Quantum computing may conjure up the image of crazy-haired physicists working away in remote and isolated locations, but nothing could now be further from the truth.
The U.S. government authorized a $1 billion quantum computing plan late last year to get ahead of its adversaries. A few weeks ago, President Biden’s infrastructure proposal included a further $180 billion investment in R&D for quantum computing, semiconductor chips, and other key technologies.
The government’s bigger plan is to link government, private and university research to accelerate quantum computing technologies in the U.S. This plan is similar to the earlier US technology successes like the Manhattan Project to build the atomic bomb, the Apollo program to send humans to the moon, and others.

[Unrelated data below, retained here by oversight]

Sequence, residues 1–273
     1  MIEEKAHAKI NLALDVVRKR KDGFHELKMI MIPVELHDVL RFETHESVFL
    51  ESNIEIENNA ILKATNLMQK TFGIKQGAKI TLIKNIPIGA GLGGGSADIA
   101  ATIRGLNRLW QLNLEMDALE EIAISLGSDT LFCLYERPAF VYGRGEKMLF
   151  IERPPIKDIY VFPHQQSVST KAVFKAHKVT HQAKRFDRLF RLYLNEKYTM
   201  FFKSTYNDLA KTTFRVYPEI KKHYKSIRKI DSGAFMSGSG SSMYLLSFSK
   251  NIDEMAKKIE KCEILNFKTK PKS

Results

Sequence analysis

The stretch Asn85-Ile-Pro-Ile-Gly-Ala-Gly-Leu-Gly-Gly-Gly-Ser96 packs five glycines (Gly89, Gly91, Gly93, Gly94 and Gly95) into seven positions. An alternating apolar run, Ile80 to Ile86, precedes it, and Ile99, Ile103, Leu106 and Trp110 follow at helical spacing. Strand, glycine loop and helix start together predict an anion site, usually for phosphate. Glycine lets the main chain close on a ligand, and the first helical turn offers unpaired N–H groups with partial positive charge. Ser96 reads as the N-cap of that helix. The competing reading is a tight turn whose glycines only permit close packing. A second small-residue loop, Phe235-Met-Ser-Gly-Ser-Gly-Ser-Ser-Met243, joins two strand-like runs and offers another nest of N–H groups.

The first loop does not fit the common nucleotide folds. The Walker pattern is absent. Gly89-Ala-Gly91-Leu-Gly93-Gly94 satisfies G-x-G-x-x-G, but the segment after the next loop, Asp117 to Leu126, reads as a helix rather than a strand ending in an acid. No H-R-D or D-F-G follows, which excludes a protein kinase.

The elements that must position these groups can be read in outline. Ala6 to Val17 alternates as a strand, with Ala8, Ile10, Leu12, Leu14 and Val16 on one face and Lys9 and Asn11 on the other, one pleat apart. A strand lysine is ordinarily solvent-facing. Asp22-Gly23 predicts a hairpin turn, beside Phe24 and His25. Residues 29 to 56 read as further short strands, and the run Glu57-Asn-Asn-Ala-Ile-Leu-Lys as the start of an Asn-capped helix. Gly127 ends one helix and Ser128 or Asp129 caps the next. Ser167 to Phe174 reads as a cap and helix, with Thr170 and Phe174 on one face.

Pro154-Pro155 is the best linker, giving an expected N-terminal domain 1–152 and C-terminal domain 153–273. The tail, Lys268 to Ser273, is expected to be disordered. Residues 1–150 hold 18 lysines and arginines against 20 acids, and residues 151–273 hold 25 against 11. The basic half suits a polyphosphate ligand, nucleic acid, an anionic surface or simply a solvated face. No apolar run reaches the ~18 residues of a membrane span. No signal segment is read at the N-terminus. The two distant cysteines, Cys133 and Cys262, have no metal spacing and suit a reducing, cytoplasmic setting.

This gallery highlights major components in the government’s quantum computing structure, starting with the National Quantum Initiative.
John Blyler is a Design News senior editor, covering the electronics and advanced manufacturing spaces. With a BS in Engineering Physics and an MS in Electrical Engineering, he has years of hardware-software-network systems experience as an editor and engineer within the advanced manufacturing, IoT and semiconductor industries. John has co-authored books related to system engineering and electronics for IEEE, Wiley, and Elsevier.